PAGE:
Newberry elected president of River District Board
January 31, 2013
Grand County Commissioner James Newberry has been elected the new president of the Colorado River District Board of Directors for 2013.
The unanimous selection came at the Board’s Jan. 15 quarterly meeting. Newberry had been serving as the Board’s vice president.
As now a five-term member of the Grand County Board of County Commissioners and a nine-year member of the Colorado River District Board, Newberry has been in the forefront of issues involving protection of the Fraser and Colorado Rivers. In recent years, he, the county commissioners and the county administration have been instrumental in negotiating river enhancements in the development of the Colorado River Cooperative Agreement involving Denver’s Moffat System and the Windy Gap Firming Project.
“It is an honor to serve on a board that looks after the interests of individual counties such as Grand but also is an influential voice on the Colorado River system in all of Western Colorado and all of the Western United States through the Colorado River Compact,” Newberry said of his Colorado River District involvement.
The Colorado River District was created by the Colorado Legislature in 1937 to protect Western Colorado water. It was forged on the negotiations that created the Colorado-Big Thompson Project, a major presence in Grand County. Of late, both the Grand County commissioners and the Colorado River District have invested considerable time and resources into negotiating the Denver Water and Windy Gap agreements. Both Denver and the Windy Gap partners on the northern Front Range are seeking approvals to take more Colorado River water from Grand County to the east during spring runoff.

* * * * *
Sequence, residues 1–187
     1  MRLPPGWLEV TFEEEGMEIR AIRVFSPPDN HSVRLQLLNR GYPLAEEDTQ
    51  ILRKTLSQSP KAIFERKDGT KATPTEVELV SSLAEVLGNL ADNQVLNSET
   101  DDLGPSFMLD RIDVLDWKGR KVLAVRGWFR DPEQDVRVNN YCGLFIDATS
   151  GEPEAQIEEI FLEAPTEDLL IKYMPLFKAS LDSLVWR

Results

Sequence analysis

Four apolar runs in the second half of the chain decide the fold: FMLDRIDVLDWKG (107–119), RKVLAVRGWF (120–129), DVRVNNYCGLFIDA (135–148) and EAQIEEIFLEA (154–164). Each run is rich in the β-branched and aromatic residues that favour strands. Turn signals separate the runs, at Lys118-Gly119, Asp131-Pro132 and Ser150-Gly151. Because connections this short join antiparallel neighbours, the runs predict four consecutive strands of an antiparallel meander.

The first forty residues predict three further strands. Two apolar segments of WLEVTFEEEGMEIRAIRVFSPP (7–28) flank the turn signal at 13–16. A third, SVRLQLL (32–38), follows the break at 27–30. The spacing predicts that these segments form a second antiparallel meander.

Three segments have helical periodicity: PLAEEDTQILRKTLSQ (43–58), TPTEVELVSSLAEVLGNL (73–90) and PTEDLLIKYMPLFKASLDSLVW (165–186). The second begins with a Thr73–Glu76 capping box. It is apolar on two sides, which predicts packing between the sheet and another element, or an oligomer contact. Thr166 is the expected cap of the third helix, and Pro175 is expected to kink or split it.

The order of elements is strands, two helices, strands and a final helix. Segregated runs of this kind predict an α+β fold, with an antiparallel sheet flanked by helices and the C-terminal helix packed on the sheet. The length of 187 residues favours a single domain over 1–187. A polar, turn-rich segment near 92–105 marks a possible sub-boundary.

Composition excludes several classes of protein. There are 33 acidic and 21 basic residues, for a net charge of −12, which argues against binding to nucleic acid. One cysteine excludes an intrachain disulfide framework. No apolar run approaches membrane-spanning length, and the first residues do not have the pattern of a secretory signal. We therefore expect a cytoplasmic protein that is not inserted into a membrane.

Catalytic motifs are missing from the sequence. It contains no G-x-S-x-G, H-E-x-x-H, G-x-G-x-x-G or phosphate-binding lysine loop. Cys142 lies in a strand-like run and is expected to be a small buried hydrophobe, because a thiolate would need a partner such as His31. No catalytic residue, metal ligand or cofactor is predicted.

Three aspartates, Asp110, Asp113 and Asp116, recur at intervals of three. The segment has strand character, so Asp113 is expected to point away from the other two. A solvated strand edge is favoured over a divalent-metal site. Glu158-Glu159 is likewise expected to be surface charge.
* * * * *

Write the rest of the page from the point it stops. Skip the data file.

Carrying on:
In Colorado, the constitution provides a legal basis to divert water, no matter where it is and where it is going. Both Grand County and the Colorado River District have been seeking agreements for the projects that leave the rivers in net better condition than the status quo.
“I believe we have accomplished win-win agreements that will improve current conditions and give us opportunities to improve habitat, streamflows and recreation,” Newberry said. “This is a much better way to create real progress than engaging in a long-term legal battle with uncertain outcomes.”
Other mutual work of the Grand County commissioners and the River District has included finding a new supply of water for endangered fish in the Colorado River near Grand Junction. The solution still being finalized will provide a means to also improve river flows in Grand County.
Looking ahead, Newberry said the recently released Colorado River Basin Water Supply and Demand Study sounds a wake-up call to deal with water supply challenges not just in Colorado but in all of the Colorado River Basin.
“The biggest challenge we have in all the West is the water availability and how we address water needs down the road,” Newberry said.
He also cited the need to focus on Gov. Hickenlooper’s directive that the state of Colorado have a water plan by 2015 to meet a water supply gap that is predicted to be large by 2050 when Colorado’s population is expected to as much as double to 10 million people. Newberry said the plan must be balanced among conservation, water reuse, sensible agricultural fallowing and water development.